Shmini: Scheduling Joy

 “Tranquil pleasures last the longest; we are not fitted to bear the burden of great joys.” – Nevell Bovee

Weddings are generally happy events. The bride, groom and their families prepare for months, investing great time and money to ensure that every garment, dish, flower, tablecloth and picture will be to their and their guests’ liking.

There is joy, dancing and merriment. It is thought to be among the happiest moments of the couple’s life. The Netziv on Leviticus 9:1 throws cold water on that concept. He comes to his conclusion from the Jewish experience upon receiving God’s law.

When the Jewish people receive the Torah on Mount Sinai, there is fire, lightning, trumpet blasts – a bright and loud show. Only when the Tablets that Moses brought from Sinai are placed in their permanent home, in the Tabernacle, do we see the Jewish nation celebrating and feasting.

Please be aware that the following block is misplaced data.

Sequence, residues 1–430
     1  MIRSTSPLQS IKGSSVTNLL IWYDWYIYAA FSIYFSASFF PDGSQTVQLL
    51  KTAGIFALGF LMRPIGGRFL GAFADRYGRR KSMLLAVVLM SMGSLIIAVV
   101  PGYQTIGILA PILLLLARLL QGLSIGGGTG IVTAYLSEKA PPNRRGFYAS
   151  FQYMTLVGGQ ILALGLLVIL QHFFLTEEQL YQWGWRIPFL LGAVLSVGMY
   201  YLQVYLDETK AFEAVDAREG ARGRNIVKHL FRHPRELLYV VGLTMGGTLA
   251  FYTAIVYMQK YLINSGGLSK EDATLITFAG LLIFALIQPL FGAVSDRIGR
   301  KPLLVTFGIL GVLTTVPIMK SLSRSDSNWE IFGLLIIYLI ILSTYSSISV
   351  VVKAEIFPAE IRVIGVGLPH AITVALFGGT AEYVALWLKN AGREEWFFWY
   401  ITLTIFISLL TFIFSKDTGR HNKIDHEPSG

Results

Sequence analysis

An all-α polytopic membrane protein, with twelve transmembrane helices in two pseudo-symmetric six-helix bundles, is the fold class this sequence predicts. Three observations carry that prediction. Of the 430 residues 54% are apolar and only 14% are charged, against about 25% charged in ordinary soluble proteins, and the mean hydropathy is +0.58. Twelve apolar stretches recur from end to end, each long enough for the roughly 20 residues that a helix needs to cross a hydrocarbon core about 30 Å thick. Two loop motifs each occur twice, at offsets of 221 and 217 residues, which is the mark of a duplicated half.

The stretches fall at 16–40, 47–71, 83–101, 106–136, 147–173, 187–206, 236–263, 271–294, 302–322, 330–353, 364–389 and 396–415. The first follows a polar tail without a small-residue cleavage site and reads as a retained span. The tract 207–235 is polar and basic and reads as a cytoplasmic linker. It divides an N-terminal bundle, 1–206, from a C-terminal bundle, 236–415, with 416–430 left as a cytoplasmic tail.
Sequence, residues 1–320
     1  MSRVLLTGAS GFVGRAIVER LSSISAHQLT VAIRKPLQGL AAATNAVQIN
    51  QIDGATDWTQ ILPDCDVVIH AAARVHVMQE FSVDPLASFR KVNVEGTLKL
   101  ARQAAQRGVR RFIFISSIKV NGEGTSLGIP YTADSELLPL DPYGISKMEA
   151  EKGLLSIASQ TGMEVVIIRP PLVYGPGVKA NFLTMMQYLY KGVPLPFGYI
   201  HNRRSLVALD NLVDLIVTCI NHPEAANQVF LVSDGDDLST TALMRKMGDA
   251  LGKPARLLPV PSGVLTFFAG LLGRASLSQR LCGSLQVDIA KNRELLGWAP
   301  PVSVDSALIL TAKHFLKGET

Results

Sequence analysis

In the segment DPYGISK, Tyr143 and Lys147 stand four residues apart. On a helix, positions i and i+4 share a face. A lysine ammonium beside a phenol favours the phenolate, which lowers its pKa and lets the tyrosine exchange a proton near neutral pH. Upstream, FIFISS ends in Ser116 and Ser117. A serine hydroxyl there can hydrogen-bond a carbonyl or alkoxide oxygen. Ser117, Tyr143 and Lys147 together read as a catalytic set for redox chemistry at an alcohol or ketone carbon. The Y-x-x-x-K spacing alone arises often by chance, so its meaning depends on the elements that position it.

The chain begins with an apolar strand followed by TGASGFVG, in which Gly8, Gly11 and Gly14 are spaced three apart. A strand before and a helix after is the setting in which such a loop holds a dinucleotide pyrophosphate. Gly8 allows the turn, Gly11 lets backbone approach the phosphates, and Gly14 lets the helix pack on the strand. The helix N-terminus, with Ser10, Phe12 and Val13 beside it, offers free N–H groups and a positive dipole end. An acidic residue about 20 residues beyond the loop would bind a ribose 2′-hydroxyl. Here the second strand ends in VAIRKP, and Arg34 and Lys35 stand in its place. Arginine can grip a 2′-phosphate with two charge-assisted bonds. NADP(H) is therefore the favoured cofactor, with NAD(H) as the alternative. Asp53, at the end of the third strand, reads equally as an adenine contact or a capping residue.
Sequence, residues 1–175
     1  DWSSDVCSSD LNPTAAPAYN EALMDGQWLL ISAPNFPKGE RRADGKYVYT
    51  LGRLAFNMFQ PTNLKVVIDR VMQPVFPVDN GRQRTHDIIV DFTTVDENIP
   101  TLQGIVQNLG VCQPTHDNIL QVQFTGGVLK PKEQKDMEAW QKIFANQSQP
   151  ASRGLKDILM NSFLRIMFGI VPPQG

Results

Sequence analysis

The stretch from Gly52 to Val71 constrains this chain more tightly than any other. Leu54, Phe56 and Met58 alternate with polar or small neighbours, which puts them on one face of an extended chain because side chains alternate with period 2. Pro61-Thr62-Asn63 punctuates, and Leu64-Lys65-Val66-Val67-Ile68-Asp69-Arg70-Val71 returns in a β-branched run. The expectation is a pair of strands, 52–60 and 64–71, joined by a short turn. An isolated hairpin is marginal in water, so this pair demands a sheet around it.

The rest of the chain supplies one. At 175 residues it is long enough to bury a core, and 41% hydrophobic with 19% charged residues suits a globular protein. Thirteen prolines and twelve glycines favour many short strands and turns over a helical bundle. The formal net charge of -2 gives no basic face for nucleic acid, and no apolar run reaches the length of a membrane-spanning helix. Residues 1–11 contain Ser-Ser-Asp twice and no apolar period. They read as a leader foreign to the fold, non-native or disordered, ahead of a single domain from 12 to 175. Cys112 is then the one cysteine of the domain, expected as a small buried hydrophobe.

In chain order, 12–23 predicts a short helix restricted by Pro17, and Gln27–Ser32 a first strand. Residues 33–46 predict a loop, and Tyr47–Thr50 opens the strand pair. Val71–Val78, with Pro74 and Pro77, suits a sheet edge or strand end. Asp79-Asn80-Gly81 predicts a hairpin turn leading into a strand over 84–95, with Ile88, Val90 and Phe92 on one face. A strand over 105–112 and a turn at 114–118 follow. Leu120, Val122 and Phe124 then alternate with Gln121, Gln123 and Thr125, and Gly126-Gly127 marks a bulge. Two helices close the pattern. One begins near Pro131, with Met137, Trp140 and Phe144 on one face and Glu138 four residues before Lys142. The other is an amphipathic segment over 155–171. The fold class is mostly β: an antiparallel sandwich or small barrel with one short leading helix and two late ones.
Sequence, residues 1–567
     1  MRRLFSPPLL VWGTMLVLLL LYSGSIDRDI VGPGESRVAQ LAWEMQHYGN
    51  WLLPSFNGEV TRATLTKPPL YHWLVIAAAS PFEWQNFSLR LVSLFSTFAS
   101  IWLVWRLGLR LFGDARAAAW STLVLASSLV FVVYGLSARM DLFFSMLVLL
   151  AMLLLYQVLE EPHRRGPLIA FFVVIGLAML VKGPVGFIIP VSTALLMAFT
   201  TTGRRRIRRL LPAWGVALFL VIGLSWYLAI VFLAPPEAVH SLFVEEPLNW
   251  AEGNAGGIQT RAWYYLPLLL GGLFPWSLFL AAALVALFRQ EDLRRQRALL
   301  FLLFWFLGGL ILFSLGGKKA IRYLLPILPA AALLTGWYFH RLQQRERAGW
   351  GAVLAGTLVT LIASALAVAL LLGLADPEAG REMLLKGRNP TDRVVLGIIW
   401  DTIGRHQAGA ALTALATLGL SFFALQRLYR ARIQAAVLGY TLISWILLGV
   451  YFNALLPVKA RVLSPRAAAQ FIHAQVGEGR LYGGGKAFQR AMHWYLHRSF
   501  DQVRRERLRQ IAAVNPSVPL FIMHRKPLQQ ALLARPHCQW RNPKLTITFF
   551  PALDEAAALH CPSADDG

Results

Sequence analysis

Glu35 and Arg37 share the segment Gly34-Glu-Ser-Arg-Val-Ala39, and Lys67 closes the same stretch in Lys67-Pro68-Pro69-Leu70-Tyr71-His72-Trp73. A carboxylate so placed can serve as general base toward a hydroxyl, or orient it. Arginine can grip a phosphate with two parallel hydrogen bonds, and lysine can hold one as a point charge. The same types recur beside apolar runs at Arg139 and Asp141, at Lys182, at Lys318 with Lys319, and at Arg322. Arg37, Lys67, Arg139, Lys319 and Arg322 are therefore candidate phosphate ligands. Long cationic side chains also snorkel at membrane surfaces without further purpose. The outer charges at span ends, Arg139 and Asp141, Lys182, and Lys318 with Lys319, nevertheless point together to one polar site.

The Netziv compares the event at Mount Sinai to the wedding night. There is excitement, perhaps even giddiness, but the bride and groom are too nervous, too anxious to truly experience joy. When the Tablets are placed in the Tabernacle is when the bride and groom come home. Only at home can they truly celebrate. Only at home can they truly experience a serious, tranquil, long-lasting joy.

May joy always be a part of our lives.

Shabbat Shalom,



To those that invest time and money in after the wedding.

About the Author
Ben-Tzion Spitz is the former Chief Rabbi of Uruguay and a candidate for the Knesset for the Zehut party. He is the author of three books of Biblical Fiction and hundreds of articles and stories dealing with biblical themes. Ben-Tzion is a graduate of Yeshiva University and received his Master’s in Mechanical Engineering from Columbia University.
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